Hybrid Car Review: 2015 Mercedes Benz S550 Plug-in Hybrid
The car in the video above is the 2015 Mercedes Benz S550 Plug-in Hybrid sedan.
S-Class. Plug. In. Hybrid.
It’s not a joke.
It’s not the end of the world.
Nor did you see pigs with wings.
And that wasn’t a monkey, it was the burrito you had for lunch yesterday.
A vehicle like this invites comments about affluence, affordability and various problems of the top 1% of the First World. Does anyone need an S550 PHEV? No. Do they need an S550? Again, no.
But if a person can afford to pay for an S550, if they can afford to own one, and they want it to be a 5,100 lb., 7-speed automatic, 6-cylinder V-6 that generates 436 horsepower with 479 lb./ft of torque that gets an unofficial 21 mpg; then THIS is their new Mercedes Benz S-Class.
This new battleship is the leader of a small flotilla of S550’s with different powertrain combinations. Mercedes had introduced gasoline, diesel and hybrid variants in previous years. This is the first year for a plug-in hybrid.
The Euros are starting to move towards America when it comes to hybrid technology. No one likes to pay for fuel, and their prices are even higher than ours.
My belief is that the trick with getting Europeans to embrace hybrids–especially plug-ins will be a combination of performance AND making it easy to charge. Performance-wise, 479 torques means 0-62 in 5.2 seconds. Ease of charge? According to Mercedes, the 2015 S550 will take about 4 hours to reach full charge from a standard wall socket. They say it will take under 3 from a 230-volt outlet:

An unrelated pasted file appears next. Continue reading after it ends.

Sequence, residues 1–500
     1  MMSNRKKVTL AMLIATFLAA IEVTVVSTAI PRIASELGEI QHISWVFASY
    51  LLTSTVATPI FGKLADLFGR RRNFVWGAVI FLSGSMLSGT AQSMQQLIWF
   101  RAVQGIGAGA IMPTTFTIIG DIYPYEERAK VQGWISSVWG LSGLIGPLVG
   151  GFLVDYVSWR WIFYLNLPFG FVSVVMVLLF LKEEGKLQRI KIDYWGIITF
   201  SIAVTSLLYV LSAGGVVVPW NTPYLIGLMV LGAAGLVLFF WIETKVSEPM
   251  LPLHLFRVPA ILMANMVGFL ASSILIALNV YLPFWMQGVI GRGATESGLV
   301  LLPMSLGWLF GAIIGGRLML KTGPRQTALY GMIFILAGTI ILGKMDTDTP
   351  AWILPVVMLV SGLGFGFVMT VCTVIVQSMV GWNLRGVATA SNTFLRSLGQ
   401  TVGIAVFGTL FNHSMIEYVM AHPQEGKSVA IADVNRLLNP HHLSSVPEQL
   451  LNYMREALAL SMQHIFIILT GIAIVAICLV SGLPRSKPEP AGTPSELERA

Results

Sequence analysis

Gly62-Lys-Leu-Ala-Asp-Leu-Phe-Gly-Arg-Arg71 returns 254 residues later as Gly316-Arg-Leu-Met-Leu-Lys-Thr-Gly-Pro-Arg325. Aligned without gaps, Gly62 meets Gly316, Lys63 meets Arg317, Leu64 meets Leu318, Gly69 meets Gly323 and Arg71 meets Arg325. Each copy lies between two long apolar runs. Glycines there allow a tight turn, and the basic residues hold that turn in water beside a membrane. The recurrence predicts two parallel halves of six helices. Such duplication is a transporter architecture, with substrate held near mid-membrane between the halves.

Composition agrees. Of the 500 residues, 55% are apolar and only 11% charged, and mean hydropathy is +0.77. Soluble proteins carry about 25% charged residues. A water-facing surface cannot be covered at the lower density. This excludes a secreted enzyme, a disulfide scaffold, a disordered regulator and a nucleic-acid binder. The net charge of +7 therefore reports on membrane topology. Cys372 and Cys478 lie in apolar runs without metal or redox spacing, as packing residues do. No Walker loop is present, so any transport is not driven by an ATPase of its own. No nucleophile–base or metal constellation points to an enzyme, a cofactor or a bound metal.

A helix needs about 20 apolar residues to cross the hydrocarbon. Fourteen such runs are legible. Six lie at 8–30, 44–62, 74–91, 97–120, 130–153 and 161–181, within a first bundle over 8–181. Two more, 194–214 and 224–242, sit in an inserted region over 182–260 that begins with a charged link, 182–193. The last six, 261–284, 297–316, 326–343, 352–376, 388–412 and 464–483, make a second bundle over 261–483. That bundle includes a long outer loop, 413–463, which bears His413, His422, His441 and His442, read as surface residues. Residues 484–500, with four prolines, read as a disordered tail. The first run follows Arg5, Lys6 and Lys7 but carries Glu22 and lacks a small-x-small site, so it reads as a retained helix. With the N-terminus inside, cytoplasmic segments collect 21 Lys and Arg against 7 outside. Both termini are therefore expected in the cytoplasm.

The new S-Class can be charged in two hours anywhere in the world, e.g. at a wallbox or a charging pole (400 V, 16 A). Alternatively, charging via house connection is also possible. Depending on the connection a charge time e.g. of two hours and 45 minutes can be attained (with 230 V and 13 A). The operating data from the charge process and the available output are continuously transmitted to the vehicle’s energy management system, which then controls the charge process. The on-board charger is located near the battery to ensure the optimal length of connecting cables and cooling water lines.
Their engineers are working on a wireless induction charging station. It’s not ready to roll out yet. Wealthy Euros everywhere could literally park the car over a pad and it will recharge wirelessly.
But if they had to actually physically take action to charge the car, access to the battery is through a small flap just above the bumper hiding the socket. The socket leads to a trunk-mounted, water-cooled, 250-pound battery. The bulk of all of this cuts boot storage to 12.2 cubic feet. To stop unauthorized charger detachment, the connection can only be unlocked by the key holder.
“The S550 PLUG-IN HYBRID is the first luxury sedan with the performance of a V8 and the fuel consumption of a compact model. The greatest challenge in this is to translate efficiency into superior performance. In this respect there is a highly interesting parallel with our successful Formula 1 racing car, which likewise has a turbocharged V6 engine and a high-tech hybrid drive,” says Prof. Dr. Thomas Weber, member of the Daimler Board of Management responsible for Group Research and Mercedes-Benz Cars Development.